The Beauty of Vulnerability

“What makes you vulnerable makes you beautiful.” – Brené Brown

There is one thing that I am definitely not good at — being vulnerable. I’ve always been taught that vulnerability was a sign of weakness; that people will take advantage of you if you show weakness. The fear is that if I reveal my true self that I may be misunderstood or rejected.

What I have learned is, being vulnerable isn’t just about being okay with showing parts of yourself to others, it’s more about being okay with all of yourself. When you love all of yourself, it matters little what others think.

What I am also learning is that vulnerability is a choice. It doesn’t always come easy and I haven’t mastered it yet. There are still many moments when I remain guarded and less willing to be truly open. It takes a conscious effort to look for the opportunities in which to be vulnerable. However, the rewards are much greater than the risks. There is a level of connection that cannot be met if you tend to hold part of yourself back.

Here are a few practicals on being vulnerable:

  1. Be honest. If you are going through a difficult time, tell someone. You may be pleasantly surprised at the response.
  2. Ask for help. Contrary to popular belief, this is also a sign of strength. You don’t need to struggle in silence, there are people willing to help.
  3. Learn to say no. Sometimes being vulnerable is letting others know that you are not a superhero. By saying yes to everyone, you are saying no to yourself. Let people know when you have too much on your plate.
  4. Stop comparing yourself to others. In actuality, their lives aren’t better than yours. You really have no idea what goes on behind closed doors.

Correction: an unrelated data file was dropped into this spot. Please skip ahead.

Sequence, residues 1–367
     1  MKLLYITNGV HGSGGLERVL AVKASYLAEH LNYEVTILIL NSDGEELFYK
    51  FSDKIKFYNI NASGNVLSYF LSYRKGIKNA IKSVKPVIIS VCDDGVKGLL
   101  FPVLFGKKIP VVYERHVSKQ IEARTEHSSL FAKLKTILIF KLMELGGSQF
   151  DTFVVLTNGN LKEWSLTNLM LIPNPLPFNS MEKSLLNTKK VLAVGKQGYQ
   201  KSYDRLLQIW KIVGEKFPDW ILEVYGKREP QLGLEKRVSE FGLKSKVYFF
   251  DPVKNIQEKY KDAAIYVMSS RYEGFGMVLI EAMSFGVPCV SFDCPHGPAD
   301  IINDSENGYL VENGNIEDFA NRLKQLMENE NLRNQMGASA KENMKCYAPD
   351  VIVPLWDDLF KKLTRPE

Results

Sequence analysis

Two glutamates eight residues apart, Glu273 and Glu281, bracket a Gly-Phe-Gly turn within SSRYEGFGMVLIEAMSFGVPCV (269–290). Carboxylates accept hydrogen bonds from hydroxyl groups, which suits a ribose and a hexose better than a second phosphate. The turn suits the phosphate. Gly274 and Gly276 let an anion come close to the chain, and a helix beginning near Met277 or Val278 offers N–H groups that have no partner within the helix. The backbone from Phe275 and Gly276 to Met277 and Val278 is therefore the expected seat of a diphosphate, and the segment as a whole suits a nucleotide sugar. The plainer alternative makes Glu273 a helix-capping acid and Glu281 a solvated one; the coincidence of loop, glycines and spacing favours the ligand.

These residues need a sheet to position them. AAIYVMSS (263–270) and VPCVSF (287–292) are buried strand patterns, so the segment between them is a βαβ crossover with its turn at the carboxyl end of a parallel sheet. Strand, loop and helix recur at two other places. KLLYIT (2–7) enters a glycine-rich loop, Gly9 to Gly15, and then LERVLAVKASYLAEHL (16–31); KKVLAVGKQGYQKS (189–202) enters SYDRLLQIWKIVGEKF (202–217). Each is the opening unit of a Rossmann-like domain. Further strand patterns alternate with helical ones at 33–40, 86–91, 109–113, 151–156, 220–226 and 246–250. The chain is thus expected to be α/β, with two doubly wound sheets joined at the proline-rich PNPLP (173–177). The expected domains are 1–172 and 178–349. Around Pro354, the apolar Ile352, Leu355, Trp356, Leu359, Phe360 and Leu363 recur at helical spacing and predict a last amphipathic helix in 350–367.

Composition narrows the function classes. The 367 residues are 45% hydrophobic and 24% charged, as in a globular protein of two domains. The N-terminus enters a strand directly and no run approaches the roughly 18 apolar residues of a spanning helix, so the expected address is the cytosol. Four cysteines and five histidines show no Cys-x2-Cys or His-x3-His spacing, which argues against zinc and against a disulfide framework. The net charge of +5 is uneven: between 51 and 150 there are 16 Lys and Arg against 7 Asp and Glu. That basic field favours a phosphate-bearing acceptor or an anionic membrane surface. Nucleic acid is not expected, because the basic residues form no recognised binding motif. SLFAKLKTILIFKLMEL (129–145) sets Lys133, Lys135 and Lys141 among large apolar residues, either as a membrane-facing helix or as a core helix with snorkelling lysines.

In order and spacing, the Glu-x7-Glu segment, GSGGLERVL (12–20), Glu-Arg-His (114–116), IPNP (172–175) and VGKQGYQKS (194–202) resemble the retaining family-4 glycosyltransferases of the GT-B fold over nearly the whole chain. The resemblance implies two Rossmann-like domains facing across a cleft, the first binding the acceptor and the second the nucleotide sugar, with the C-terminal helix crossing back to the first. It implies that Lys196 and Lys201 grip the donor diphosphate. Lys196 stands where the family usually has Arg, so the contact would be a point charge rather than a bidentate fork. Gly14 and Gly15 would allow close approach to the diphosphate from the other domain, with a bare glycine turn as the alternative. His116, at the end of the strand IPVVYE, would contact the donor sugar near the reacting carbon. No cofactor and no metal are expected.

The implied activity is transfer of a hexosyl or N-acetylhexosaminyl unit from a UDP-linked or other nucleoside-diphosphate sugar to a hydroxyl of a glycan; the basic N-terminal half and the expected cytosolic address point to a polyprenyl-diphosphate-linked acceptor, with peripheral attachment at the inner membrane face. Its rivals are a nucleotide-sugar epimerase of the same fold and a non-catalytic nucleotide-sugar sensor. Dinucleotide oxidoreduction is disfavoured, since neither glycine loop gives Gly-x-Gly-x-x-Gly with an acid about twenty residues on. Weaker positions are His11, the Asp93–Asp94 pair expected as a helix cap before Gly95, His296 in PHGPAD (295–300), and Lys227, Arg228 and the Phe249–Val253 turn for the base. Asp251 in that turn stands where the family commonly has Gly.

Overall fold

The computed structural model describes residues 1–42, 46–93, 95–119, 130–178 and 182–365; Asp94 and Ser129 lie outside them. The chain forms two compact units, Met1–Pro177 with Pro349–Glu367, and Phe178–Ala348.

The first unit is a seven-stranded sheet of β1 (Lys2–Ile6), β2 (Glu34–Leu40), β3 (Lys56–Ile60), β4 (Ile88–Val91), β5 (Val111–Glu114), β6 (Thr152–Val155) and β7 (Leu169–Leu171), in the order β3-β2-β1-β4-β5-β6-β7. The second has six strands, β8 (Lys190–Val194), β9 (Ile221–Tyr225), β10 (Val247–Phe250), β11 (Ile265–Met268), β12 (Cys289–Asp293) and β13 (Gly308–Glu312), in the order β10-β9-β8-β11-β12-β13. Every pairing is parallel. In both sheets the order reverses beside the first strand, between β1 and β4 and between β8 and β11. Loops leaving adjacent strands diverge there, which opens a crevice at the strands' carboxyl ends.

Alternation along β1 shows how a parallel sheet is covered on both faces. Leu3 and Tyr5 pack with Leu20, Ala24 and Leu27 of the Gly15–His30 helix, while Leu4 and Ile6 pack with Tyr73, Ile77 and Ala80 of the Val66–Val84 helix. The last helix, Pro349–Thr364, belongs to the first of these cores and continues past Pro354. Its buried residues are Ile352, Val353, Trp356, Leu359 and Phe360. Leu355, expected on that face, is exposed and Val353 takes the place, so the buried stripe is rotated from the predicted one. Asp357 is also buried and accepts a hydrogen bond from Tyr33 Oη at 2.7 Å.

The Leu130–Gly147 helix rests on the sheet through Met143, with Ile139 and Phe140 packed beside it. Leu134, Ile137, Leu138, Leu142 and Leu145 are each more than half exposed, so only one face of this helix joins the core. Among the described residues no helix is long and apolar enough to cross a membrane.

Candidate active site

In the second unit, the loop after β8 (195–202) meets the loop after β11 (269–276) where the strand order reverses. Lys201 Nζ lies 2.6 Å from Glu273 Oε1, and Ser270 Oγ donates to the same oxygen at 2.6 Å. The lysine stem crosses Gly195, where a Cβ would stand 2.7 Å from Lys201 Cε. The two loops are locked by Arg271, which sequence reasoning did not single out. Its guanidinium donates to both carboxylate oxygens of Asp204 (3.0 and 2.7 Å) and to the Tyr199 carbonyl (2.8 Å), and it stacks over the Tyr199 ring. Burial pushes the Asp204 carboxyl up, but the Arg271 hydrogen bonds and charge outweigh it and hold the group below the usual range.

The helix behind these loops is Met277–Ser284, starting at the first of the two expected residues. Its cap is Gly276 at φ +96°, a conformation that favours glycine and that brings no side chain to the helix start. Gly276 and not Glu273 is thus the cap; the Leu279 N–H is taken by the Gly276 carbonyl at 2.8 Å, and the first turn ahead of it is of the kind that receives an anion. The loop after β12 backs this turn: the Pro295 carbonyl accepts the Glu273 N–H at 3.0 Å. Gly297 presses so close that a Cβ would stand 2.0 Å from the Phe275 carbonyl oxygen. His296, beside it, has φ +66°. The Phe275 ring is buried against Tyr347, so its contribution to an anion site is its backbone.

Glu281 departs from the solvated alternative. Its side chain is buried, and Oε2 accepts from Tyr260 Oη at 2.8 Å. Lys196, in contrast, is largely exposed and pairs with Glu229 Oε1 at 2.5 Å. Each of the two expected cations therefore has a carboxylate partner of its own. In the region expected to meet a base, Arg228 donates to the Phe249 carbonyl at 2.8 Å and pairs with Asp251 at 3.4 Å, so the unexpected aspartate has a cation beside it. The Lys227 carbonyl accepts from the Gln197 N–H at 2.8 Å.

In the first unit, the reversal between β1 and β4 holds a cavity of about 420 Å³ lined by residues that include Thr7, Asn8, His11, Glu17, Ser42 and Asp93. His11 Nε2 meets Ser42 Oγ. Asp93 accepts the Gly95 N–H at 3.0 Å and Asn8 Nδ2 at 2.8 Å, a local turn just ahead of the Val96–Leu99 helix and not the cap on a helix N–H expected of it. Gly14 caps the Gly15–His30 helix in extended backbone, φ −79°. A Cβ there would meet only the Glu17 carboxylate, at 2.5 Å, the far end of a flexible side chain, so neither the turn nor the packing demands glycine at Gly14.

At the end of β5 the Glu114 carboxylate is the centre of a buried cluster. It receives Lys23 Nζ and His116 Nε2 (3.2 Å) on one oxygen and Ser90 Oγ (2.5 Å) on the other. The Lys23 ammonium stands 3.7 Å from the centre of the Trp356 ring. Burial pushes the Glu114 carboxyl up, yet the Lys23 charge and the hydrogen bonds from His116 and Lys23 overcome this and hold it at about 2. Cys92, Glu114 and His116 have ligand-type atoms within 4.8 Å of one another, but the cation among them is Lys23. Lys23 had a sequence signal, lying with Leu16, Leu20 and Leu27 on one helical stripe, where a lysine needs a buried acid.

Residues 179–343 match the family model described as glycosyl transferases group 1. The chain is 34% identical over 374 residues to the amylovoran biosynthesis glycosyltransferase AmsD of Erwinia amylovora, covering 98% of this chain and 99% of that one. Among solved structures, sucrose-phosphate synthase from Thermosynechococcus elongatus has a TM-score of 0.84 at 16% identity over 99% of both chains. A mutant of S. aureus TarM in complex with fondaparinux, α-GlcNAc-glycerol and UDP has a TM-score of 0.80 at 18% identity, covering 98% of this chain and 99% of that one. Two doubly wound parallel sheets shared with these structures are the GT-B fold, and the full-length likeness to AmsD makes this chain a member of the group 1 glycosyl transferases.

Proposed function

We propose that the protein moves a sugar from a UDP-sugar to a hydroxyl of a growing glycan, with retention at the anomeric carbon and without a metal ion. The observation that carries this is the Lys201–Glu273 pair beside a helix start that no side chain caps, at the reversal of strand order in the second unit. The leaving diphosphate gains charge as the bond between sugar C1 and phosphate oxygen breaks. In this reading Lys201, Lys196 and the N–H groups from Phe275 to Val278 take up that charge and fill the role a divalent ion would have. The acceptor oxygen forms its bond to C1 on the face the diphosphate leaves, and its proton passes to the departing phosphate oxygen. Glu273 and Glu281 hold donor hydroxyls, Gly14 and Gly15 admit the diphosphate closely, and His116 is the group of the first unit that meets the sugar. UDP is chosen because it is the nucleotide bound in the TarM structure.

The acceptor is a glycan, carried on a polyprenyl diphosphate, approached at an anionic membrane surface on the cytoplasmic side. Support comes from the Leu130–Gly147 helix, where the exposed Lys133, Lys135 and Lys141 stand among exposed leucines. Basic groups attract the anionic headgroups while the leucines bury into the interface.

5. Be wise. Being vulnerable doesn’t mean telling everyone everything about you. Be wise in whom you choose to be open with.

10 Ways to slow down and tell your children, “I Love You”

It is crazy how quickly the lazy days of summer can turn into the mad rush of summer camps, play dates, and activities. Since children spell love T-I-M-E, here is a list of things you can do to slow down and say, “I love you.”

  1. Pull out an old photo album and tell the kids funny stories about when they were little.
  2. Have a water balloon fight.
  3. Play a board game.
  4. When you are having a conversation, put down your phone and really listen.
  5. Lay in the grass and find animals in the clouds.
  6. Turn on some music and have a dance party.
  7. Turn off the screens (tv, phone, computer, tablets, etc.) for a set amount of time.
  8. Run through the water sprinklers.
  9. Have a make-your-own mini-pizza night. Everyone will be in the kitchen together while making their own dinner.
  10. Laugh with your kids.

These ideas might be simple, but these are the type of things that your children will remember when they grow up. In fact, this blog entry is rather simple and short because I was too busy laughing and spending quality time with my children. And that’s a good thing.

The Gift of Silence

Jill Blog Pic

Pain, heartache, and struggle are all part of the human experience.   We have all struggled. We have all experienced the excruciating emotions that accompany loss. We have all been in the dark trenches life drops us in at one point or another. Why, then, do we get uncomfortable when someone else is hurting? We clam up, feel uneasy, and say things we regret a minute later.